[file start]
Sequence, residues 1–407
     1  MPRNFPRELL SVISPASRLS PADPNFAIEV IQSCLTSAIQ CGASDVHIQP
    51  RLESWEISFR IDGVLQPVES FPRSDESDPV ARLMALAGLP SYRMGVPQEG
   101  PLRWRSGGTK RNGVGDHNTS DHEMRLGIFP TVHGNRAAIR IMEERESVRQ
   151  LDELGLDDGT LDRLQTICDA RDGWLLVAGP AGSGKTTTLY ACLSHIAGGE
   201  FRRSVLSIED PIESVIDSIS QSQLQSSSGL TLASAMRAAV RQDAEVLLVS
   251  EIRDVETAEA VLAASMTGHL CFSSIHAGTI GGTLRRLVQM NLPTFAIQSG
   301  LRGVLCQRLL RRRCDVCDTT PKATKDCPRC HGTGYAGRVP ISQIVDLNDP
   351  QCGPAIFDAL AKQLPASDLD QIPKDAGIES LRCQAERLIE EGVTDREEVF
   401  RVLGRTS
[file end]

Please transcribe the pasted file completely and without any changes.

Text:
Sequence, residues 1–407
     1  MPRNFPRELL SVISPASRLS PADPNFAIEV IQSCLTSAIQ CGASDVHIQP
    51  RLESWEISFR IDGVLQPVES FPRSDESDPV ARLMALAGLP SYRMGVPQEG
   101  PLRWRSGGTK RNGVGDHNTS DHEMRLGIFP TVHGNRAAIR IMEERESVRQ
   151  LDELGLDDGT LDRLQTICDA RDGWLLVAGP AGSGKTTTLY ACLSHIAGGE
   201  FRRSVLSIED PIESVIDSIS QSQLQSSSGL TLASAMRAAV RQDAEVLLVS
   251  EIRDVETAEA VLAASMTGHL CFSSIHAGTI GGTLRRLVQM NLPTFAIQSG
   301  LRGVLCQRLL RRRCDVCDTT PKATKDCPRC HGTGYAGRVP ISQIVDLNDP
   351  QCGPAIFDAL AKQLPASDLD QIPKDAGIES LRCQAERLIE EGVTDREEVF
   401  RVLGRTS